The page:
ANNAPOLIS — Gov. Martin O'Malley is telling residents to either support tax increases or prepare for deep cuts in state funding to their local governments.
“With the cuts-only option, everybody’s going to feel it, and every county government and every municipal government will feel it,” Mr. O'Malley, a Democrat, told reporters this week.
His statement comes a week after telling Eastern Shore residents that he did not want to balance the state budget on the backs of localities.
Time is running out before Mr. O'Malley must submit his next budget in January, which has to address the state’s pending $1.5 billion deficit.
Mr. O'Malley is expected to announce $200 million in cuts to the state budget at the Board of Public Works meeting next week and has said more cuts are likely, although he continues to caution against the cuts-only approach.
Mr. O'Malley also said that he might not know by next week where he will make all of the $200 million in cuts and that more could be expected.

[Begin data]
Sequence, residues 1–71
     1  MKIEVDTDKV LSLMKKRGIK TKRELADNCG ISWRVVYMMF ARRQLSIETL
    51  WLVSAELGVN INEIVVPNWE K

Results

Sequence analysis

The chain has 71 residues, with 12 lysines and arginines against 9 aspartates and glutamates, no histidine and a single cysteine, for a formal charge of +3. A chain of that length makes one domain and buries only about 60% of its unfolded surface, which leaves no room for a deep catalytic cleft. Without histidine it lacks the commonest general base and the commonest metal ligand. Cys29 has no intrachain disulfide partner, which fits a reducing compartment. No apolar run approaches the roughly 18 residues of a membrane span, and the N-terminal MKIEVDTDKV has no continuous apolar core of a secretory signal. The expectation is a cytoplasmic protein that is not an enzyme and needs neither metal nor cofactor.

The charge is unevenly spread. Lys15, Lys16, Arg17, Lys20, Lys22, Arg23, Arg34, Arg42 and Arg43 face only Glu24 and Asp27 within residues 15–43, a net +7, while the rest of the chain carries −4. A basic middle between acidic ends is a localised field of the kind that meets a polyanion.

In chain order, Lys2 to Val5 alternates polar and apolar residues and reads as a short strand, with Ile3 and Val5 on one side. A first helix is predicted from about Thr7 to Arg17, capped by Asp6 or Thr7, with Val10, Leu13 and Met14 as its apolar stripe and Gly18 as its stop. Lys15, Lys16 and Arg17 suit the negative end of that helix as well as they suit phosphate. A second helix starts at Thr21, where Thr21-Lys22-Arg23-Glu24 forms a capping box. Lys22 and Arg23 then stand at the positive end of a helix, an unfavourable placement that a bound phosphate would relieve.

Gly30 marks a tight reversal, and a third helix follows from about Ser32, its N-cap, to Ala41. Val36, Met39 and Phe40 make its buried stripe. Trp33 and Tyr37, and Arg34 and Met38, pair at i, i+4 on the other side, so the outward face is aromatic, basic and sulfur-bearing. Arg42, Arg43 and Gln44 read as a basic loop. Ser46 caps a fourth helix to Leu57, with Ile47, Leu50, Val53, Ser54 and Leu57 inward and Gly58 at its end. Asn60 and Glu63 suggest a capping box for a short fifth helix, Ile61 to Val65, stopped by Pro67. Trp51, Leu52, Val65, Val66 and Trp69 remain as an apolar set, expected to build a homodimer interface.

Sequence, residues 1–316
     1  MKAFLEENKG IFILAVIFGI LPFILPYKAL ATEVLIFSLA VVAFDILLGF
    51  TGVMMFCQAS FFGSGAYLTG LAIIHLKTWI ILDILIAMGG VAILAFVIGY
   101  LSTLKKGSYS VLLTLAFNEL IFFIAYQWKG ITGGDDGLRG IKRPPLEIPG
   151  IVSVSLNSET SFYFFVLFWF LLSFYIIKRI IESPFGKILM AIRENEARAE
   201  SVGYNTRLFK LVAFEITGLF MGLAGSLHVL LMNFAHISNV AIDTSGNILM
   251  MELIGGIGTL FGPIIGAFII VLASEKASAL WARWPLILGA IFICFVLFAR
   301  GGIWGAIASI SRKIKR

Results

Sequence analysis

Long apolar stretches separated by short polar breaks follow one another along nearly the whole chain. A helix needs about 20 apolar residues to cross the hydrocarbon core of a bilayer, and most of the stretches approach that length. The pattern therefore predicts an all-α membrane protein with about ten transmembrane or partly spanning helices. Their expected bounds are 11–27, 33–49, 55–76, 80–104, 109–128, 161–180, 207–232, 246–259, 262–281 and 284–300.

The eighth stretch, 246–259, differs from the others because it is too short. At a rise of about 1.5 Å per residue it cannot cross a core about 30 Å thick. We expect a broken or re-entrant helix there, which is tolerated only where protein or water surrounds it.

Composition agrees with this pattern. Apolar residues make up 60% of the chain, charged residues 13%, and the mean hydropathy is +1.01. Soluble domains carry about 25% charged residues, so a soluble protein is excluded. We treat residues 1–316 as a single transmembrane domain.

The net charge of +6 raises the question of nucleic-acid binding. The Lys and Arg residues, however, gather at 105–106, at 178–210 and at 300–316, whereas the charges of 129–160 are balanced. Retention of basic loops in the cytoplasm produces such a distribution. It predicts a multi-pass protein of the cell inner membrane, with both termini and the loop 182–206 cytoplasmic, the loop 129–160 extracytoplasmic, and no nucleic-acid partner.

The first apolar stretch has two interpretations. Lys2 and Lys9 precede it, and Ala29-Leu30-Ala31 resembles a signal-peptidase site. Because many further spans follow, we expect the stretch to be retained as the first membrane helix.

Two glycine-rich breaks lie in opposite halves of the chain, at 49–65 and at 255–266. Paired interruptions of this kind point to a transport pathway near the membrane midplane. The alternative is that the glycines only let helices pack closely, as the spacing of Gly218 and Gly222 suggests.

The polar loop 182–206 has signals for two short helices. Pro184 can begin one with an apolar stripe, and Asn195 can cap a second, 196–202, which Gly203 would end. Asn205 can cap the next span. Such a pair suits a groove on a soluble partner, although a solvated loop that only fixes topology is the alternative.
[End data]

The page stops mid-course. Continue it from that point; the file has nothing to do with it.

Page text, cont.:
“We’re not there yet,” he said earlier this week. “We really haven’t gotten to the revenue side of the ledger.”
State budget analysts last week presented lawmakers with a sample “doomsday” budget with $1.5 billion in cuts and no new or increased taxes.
Local aid, which accounts for 40 percent of the state’s $30 billion budget, was cut dramatically in the sample budget.
The governor and state lawmakers will continue to juggle numbers and scenarios until they can agree upon how and when to close the deficit.
House Speaker Michael E. Busch said that if state leaders cannot agree to a special General Assembly session, Mr. O'Malley must present one budget with deep cuts and another based on tax increases that would have to be approved separately by the lawmakers.
Mr. Busch, Anne Arundel Democrat, joined other budget leaders in criticizing Mr. O'Malley last week for saying local budget cuts was not an option.
He opposes legalizing slot machines and says a special session is not necessary. However, Senate President Thomas V. Mike Miller Jr, Southern Maryland Democrat, has pushed for lawmakers to return to Annapolis to close the budget deficit and legalize slot machines.
Mr. O’Malley, who supports legalizing slot machines, has said he won’t call for a special session without consensus between Mr. Busch and Mr. Miller.
Maryland budget experts say Maryland’s fiscal crisis will hit residents hard, whether its cuts, tax increases or a combination.